Three months of the Bulgarian Presidency of the Council of the EU have elapsed, three more remain. Georgi Gotev, publisher of this website, assesses the state of play. The author authorises other media to quote or republish this article, provided the source BulgarianPresidency.eu is mentioned.
Each presidency is confronted by international events beyond its control. Given the geographic position of Bulgaria, the biggest challenge are the growing tensions with Russia, against the background of the Skripal case. Another challenge is the destabilising potential of Turkey’s military excursions abroad against the Kurds.
With his EU counterparts, Bulgarian Prime Minister Boyko Borissov has made efforts toward appeasement with these two major geopolitical players. He has strongly lobbied and obtained a ‘Leaders’ meeting’ with Turkish President Recep Tayyip Erdogan, and has warned British PM Theresa May against overreacting in Skripal’s case.
Undoubtedly, Borissov is Erdogan’s preferred interlocutor in the EU, if not his Trojan horse. Borissov doesn’t hide that he fears if Turkey would change policy and release the three million of migrants on its territory to Europe, via Bulgaria’s border. It is very likely that a second Varna summit will take place before the end of the Bulgarian Presidency.
Borissov would like to have a similar relationship with Russian President Vladimir Putin, but he will not succeed, because Moscow consistently treats Bulgaria with disdain, as an unfaithful former wife. At the last EU summit (22-23 March), Borissov made it clear his country would not expel Russian diplomats. However, when he returned to Sofia, Bulgaria recalled its ambassador in Moscow “for consultations”.
Thus, Borissov lost his comparative advantage vis-à-vis his EU counterparts, the vast majority of which took punitive measures against Russia despite the uncertainties of the Skripal case. Without any doubt, Western pressure was put on Borissov, because among his allies, he is not trusted to become a privileged interlocutor to Putin, in the same way that he was allowed to be Erdogan’s pal.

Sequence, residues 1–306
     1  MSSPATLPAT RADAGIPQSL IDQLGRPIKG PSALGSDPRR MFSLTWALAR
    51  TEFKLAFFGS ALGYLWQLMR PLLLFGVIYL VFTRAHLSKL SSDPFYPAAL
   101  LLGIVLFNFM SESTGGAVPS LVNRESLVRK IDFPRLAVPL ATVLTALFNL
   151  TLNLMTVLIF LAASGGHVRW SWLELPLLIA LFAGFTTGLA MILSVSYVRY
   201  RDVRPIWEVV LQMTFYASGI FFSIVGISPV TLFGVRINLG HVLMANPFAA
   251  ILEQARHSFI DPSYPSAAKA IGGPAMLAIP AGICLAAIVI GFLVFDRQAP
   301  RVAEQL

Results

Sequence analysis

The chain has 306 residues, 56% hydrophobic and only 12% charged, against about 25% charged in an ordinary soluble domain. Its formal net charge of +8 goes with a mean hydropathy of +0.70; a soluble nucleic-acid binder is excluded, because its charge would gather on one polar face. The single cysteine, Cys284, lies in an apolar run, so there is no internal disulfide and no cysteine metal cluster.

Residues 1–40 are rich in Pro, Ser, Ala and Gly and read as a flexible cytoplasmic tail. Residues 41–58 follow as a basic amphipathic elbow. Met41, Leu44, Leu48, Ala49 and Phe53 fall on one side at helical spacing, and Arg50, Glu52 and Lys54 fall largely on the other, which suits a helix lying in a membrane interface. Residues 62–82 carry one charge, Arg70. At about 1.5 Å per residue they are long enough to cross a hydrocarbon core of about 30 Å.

In term of blunders during first three months of the Bulgarian Presidency the winner is Deputy Prime Minister Valery Simeonov. This is the price of the cumbersome coalition partnership with the “United Patriots”. Simeonov first made extremely offensive and even threatening comments against the co-president of the Green political group in the European Parliament Ska Keller, who came to Bulgaria to support protesters against a plan to develop business tourism in a protected park.
This prompted the leaders of the European institutions to react, but triggered no reaction from Borissov.
Secondly, Simeonov called the Russian patriarch Kirill a “cigarette billionaire” and a “second-class KGB cop”, which was hardly helpful for Borissov, who seeks to advance energy projects with Russia, including bringing the second pipe of Turkish Stream to the Bulgarian port city of Varna.
Bulgaria’s Presidency image was tarnished by the exposure of another representative of the “United Patriots”, the minister of ecology Neno Dimov as climate change denier.
Last but not least, the opposition to the Istanbul Convention from conservative strata of the Bulgarian society, including the United Patriots and the Bulgarian Socialist Party, didn’t contribute to good image of a country in the EU driver’s seat.
The Council of Europe Convention on the Prevention and Combating Domestic Violence, better known as the Istanbul Convention, is no longer on the legislative program of the Bulgarian Parliament.